LONDON—Lawyers from some of Britain’s largest firms are flocking to register in Ireland to protect their right to practice fully in the European Union, in case the U.K. votes to leave the bloc.
U.K. lawyers enjoy certain benefits related to EU membership, such as protection from disclosing their legal advice to clients in the event of a European Commission antitrust investigation. Their right to represent clients in EU courts also would be at stake in the event of a British exit, or “Brexit.”
The possibility of losing these benefits has jolted dozens of lawyers to sign up in Ireland ahead of the referendum on Thursday.
Ken Murphy, director-general of the Law Society of Ireland, said a record 186 U.K. lawyers had registered there this year, with dozens more applications under way. “There’s been an unmistakable surge,” he said, adding that a large majority cited the risk of a Brexit as the main trigger for their registration. By comparison, 101 U.K. lawyers were admitted in 2015, and just 51 in 2014.
“Ireland is the most obvious choice for U.K. lawyers, due to the relatively simple rules for admission to the roll of solicitors that the Law Society of Ireland operates for English solicitors,” said Becket McGrath, a partner specializing in competition law at London law firm Cooley LLP. Mr. McGrath said that while he hadn’t yet sought admission to practice in Ireland, he would do so if the U.K. voted to exit the EU on Thursday.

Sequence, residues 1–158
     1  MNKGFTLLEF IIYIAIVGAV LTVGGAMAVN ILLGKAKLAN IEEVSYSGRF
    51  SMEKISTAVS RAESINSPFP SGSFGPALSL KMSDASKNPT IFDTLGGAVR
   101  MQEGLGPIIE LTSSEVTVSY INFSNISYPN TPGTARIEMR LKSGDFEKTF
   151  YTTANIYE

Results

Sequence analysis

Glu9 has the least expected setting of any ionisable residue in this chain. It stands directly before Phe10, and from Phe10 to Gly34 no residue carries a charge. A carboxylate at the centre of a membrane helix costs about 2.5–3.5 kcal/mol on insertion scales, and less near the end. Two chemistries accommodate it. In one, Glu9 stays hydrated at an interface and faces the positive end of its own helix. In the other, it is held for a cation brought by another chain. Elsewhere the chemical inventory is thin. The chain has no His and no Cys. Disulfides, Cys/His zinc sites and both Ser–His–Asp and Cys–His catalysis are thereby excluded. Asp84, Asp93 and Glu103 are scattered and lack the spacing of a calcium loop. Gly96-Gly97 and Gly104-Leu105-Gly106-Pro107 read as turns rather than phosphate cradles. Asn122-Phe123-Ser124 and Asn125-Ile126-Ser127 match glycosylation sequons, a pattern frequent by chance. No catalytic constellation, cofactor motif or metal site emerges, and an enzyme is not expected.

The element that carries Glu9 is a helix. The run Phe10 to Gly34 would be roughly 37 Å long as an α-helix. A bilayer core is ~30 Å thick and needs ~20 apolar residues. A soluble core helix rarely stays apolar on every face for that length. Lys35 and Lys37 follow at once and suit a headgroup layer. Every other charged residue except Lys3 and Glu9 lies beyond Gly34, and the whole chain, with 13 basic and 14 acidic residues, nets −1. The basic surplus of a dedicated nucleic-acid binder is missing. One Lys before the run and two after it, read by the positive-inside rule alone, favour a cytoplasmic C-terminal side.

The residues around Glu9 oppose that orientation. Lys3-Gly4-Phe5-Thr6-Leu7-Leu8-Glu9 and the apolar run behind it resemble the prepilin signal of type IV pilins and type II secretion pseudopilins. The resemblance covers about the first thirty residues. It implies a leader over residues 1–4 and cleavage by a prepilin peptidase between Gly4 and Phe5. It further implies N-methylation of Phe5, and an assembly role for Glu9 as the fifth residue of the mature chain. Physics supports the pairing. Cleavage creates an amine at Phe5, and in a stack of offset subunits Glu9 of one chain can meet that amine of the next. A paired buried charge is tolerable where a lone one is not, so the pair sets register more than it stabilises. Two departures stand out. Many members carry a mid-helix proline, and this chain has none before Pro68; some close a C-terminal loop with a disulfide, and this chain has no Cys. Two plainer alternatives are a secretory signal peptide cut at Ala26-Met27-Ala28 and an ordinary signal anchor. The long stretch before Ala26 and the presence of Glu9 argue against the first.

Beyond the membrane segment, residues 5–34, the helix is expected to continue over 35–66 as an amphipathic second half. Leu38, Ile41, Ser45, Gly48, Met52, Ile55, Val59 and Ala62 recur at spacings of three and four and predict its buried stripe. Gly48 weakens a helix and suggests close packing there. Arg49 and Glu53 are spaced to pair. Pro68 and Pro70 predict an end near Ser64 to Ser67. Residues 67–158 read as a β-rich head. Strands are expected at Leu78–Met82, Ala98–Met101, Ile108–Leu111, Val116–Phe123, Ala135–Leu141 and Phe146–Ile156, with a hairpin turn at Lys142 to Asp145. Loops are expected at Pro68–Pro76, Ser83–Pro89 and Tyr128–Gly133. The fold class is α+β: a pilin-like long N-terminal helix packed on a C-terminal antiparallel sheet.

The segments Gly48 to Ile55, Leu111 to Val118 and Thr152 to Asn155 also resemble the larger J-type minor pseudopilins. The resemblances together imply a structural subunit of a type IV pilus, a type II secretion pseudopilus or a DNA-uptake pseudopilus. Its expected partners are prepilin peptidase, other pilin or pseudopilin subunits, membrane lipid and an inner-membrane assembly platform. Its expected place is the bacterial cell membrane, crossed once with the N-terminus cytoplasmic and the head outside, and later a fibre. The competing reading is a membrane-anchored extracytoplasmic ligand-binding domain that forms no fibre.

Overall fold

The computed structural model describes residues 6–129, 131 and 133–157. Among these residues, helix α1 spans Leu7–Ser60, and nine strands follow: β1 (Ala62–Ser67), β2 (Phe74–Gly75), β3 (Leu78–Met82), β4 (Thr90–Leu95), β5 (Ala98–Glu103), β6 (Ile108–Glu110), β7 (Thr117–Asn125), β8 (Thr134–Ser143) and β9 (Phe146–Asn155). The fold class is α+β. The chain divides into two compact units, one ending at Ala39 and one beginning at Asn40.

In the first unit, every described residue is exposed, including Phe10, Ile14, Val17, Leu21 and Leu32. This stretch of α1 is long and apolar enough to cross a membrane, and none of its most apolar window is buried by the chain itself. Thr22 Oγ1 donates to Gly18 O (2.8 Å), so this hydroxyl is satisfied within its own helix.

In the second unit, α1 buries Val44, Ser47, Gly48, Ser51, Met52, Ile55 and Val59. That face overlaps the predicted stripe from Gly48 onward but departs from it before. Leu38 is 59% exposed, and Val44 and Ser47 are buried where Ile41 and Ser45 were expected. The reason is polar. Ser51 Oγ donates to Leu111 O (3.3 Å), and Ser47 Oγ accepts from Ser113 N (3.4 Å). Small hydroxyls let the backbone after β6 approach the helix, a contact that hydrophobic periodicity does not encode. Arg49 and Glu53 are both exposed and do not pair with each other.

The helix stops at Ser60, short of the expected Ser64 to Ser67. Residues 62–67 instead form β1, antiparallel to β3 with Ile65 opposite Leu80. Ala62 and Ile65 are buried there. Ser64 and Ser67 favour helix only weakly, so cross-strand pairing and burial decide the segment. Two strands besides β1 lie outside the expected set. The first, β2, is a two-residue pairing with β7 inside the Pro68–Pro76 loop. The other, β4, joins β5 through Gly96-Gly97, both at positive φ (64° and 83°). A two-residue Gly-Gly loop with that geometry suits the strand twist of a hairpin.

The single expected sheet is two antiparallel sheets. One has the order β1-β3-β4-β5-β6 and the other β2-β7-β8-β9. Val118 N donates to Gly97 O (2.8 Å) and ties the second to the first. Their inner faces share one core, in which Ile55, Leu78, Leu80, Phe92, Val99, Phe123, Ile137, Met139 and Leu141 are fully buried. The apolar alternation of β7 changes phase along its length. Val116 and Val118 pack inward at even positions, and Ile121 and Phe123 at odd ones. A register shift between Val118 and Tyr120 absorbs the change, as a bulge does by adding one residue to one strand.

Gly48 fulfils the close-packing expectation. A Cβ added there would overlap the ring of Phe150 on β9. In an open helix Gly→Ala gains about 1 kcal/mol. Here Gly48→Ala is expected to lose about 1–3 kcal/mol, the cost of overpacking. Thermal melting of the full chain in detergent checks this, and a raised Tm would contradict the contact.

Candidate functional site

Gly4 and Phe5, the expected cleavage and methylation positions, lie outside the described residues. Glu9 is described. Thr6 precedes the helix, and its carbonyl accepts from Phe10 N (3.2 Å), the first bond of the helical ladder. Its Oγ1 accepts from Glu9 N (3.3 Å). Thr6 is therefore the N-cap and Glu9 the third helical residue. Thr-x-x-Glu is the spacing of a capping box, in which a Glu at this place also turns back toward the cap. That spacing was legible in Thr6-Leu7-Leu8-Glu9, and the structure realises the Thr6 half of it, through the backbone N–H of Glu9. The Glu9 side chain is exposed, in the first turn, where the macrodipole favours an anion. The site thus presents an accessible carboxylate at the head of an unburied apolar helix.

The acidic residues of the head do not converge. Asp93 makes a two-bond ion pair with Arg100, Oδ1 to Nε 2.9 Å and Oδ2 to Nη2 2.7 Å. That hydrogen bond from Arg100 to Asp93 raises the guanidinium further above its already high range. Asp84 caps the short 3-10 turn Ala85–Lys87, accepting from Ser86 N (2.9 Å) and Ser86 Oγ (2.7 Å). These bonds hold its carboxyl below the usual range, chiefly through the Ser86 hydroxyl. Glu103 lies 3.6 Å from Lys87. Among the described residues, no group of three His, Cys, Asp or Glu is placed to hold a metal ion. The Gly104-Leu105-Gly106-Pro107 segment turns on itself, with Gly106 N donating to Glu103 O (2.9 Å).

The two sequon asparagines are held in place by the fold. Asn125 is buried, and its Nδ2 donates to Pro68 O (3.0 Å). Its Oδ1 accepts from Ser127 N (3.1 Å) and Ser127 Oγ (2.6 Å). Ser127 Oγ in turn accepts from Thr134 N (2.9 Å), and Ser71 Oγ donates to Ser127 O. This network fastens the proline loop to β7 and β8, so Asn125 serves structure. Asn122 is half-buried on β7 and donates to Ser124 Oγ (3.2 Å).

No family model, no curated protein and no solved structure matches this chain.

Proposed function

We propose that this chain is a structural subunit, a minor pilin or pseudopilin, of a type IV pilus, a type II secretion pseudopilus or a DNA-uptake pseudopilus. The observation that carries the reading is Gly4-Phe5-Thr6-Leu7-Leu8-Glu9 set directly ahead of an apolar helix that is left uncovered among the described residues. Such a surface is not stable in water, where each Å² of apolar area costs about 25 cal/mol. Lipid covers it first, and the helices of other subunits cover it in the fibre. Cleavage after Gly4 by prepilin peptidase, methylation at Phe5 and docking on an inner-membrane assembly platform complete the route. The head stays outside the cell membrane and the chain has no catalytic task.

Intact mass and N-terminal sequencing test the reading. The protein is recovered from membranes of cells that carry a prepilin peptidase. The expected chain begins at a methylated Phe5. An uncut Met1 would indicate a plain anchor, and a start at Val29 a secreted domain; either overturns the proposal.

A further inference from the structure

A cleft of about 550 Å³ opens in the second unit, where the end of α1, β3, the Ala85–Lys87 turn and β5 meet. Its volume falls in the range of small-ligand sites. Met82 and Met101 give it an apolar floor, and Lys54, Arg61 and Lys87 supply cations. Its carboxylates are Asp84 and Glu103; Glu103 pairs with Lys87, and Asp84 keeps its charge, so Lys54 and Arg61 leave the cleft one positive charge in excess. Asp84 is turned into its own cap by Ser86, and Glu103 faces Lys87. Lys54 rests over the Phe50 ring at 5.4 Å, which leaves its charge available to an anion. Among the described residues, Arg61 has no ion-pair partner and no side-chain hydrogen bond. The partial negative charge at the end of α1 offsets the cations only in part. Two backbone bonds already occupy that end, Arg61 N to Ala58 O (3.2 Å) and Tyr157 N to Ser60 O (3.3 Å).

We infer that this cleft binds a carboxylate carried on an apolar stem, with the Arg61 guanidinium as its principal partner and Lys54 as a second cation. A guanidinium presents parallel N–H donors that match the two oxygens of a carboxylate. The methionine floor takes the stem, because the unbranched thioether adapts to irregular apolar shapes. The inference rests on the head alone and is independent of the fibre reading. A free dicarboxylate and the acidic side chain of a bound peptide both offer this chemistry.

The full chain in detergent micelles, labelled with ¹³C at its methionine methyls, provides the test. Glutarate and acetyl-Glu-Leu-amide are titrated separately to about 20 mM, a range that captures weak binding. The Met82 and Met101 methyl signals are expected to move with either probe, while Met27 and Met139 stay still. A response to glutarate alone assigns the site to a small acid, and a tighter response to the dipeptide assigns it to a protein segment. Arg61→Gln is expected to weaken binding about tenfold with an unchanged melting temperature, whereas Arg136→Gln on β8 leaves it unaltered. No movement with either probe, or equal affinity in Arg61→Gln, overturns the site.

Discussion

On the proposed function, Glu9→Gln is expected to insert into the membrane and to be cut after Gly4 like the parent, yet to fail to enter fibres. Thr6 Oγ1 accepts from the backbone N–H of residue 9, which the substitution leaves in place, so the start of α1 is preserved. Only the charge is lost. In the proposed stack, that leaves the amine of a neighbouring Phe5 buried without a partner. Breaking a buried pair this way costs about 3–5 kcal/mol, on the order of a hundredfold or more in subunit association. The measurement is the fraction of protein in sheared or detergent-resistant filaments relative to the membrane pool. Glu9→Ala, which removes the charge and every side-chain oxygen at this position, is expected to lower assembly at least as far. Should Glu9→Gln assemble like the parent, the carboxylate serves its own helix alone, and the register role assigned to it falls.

To register in Ireland, lawyers in England, Wales and Northern Ireland must produce proof of good standing and three character references, and pay a €300 ($ 340) fee. They then must pay an annual fee of €2,500 for the certificate that lets them practice in Ireland. The process is more complicated for lawyers in Scotland, due to its distinctive legal system.
Among those registering lawyers in Ireland ahead of the referendum are some of London’s biggest law firms, including Freshfields Bruckhaus Deringer LLP, Slaughter and May, Clifford Chance LLP and Hogan Lovells International LLP. A spokeswoman for Allen & Overy LLP said a small number of lawyers there had applied for admission in Ireland, though it wasn’t a firmwide initiative.
Still, anyone hoping for an influx of top law firms into Dublin will be disappointed: Lawyers who register in Ireland don’t relinquish their right to practice in the U.K. Mr. Murphy said the majority of U.K.-based lawyers completing the process didn’t intend to set up a physical presence in Ireland.
The current arrangement between Ireland and the rest of the U.K., bar Scotland, is mutually beneficial for other reasons. When demand for legal work in Ireland declined following the 2008 financial crisis, lawyers there moved to firms in England and Wales with relative ease, Mr. Murphy said.
And while the Irish arrangement makes it straightforward for lawyers here to preserve their legal benefits in the event of a Brexit, the broader consequences of a leave vote could be more difficult to address, according to Stephen Kinsella, a member of the campaign group Lawyers-In for Britain and a partner at Sidley Austin LLP.
“Many law firms in London are only the size they are because London is a financial center,” he said, referring to the large amount of work carried out by law firms for banking and other financial clients. “Even if there’s a relatively modest downscaling [of financial services], that’s going to have a major impact.”
Write to Denise Roland at [email protected]